German TV told it must broadcast Tour de France

German public broadcaster ARD has been told it has no basis on which to bring a premature end to its contract with Tour de France organisers to show the race in 2009-2011.

A spate of recent doping scandals, some of which involved German and Austrian riders, prompted ARD and fellow German broadcaster ZDF to announce their intention not to stop broadcasting the world’s biggest bike race.

But on Tuesday Fritz Pleitgen, the president of the European Broadcasting Union (EBU) which represents 75 public broadcasters, said ARD was tied by its current contract with ASO, the company which own the Tour.

Pleitgen said ARD, and fellow German broadcaster ZDF, had acquired the television rights from 2009-2011 alongside a group of around 10 other public channels – and would have to honour it.

“ARD, in conjunction with ZDF, signed a contract last January that covers the period from 2009-2011 for a total of six million euros a year,” Pleitgen said Tuesday, adding that ARD’s attempt to break its contract was “against the rules” of the EBU.

Pleitgen said both ARD and ZDF had included clauses in their contract which demanded that Tour organisers employ “the most modern anti-doping controls” available. “If these conditions are not respected by the organisers, the television channels can end their contract once it becomes valid on January 1, 2009,” added Pleitgen.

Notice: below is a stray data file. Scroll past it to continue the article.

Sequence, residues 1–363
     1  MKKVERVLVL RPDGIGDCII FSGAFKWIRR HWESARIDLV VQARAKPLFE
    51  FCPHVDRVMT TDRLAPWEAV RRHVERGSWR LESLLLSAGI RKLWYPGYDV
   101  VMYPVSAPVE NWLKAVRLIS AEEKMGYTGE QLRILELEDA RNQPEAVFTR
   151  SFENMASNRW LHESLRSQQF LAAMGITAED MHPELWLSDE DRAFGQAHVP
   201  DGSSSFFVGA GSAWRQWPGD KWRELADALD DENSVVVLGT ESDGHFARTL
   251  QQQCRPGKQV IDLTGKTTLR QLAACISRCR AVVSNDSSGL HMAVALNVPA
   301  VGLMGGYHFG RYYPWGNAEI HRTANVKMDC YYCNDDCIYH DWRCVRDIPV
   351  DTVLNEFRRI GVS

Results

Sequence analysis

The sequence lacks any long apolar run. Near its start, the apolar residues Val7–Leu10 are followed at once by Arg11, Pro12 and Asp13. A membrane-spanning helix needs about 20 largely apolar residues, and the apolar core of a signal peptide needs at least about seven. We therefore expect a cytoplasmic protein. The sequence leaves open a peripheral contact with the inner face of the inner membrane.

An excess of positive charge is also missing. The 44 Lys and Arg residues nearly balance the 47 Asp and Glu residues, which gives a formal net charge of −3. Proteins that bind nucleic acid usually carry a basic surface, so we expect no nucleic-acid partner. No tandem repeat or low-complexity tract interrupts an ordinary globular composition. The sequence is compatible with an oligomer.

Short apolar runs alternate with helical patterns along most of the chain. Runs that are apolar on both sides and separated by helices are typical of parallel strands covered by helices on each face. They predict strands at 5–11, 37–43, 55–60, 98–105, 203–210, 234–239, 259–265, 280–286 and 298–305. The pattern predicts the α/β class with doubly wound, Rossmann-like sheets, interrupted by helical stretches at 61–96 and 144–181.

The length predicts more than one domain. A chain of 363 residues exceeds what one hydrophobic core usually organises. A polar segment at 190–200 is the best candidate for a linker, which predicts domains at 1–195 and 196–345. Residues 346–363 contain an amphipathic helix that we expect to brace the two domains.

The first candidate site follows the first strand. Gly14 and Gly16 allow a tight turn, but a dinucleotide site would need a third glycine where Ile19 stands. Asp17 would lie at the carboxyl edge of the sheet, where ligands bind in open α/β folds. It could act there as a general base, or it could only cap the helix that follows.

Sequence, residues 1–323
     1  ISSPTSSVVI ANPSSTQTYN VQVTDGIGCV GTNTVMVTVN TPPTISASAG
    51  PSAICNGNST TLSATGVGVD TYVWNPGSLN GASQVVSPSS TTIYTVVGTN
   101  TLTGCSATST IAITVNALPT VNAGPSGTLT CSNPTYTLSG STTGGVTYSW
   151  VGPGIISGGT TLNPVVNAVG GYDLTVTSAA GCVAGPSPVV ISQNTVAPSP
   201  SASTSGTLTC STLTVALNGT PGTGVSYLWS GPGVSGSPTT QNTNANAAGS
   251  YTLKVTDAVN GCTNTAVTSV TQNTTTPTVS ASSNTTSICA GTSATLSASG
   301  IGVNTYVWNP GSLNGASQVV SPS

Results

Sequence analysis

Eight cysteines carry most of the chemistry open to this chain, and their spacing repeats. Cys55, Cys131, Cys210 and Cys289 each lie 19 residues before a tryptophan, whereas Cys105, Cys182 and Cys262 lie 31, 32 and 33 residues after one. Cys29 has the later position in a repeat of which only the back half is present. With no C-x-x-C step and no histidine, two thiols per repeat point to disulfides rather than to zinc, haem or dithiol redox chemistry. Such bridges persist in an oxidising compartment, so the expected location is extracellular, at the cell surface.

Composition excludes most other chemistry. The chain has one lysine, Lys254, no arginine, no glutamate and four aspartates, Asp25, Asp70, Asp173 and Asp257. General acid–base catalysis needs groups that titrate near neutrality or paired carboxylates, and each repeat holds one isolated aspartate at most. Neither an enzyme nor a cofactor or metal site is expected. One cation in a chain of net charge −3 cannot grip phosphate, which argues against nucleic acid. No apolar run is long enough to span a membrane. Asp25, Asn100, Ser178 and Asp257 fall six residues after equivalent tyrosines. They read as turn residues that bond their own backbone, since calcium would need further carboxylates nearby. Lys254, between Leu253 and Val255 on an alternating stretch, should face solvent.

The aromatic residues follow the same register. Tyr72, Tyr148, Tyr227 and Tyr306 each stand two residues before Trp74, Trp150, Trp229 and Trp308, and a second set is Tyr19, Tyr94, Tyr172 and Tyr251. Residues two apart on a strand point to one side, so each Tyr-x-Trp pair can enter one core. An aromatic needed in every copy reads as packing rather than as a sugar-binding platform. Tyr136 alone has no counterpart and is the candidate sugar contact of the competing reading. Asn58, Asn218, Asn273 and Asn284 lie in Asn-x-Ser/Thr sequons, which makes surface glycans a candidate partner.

A total of seven riders from this year’s race have tested positive, four of whom – Italians Riccardo Ricco and Leonardo Piepoli, German Stefan Schumacher and Austrian Bernhard Kohl – for the latest generation of blood-boosting EPO (erythropoietin) called CERA.

Although attracting further scandal to the sport, Tour organisers have applauded the weeding out of drugs cheats. They see it as a positive step which will, they hope, deter others. Pleitgen, who helps to negotiate television rights deals for the Olympic Games and World Cup, said he hoped that both parties – ARD/ZDF and the race organisers – would “come to a common agreement without having to go through the courts.”

He added that a pullout by ARD would “make it more difficult” to obtain such rights in the future because “the confidence would no longer be there.”

The Tour de France is one of the most popular televised sports events in Germany and Pleitgen said breaking the contract “would be hard to defend to the German people who pay their television licence fees.”


VIDEO: Why you may struggle to buy a bike in Europe in 2021

Demand for bicycles has soared in Europe during the coronavirus pandemic, but conversely the global supply is at record low levels, with consumers having to wait months or over a year for their bike of choice.

VIDEO: Why you may struggle to buy a bike in Europe in 2021
Photo: Stocksnap/Pixabay

Bikes are projected to outsell cars in Europe by two to one by 2030.   

But 2021 will not be an easy year to buy a bike in many European countries, especially if you have a particular model in mind. 

Firstly, there's been a huge surge in demand for bikes during the pandemic, as Europeans looked for ways to stay fit and move around more freely without having to worry about being exposed to Covid-19 on public transport.

On the flip side, bike production in China, which supplies almost the entire global market, has practically ground to a halt.

The same can be said for bicycle accessories and components, which are either not being produced in Chinese factories currently or held up for months in ports in Asia due to the reduction of capacity in shipping.


In this short report, video producer Alex Dunham explores the issue of Europe's bike shortage in 2021.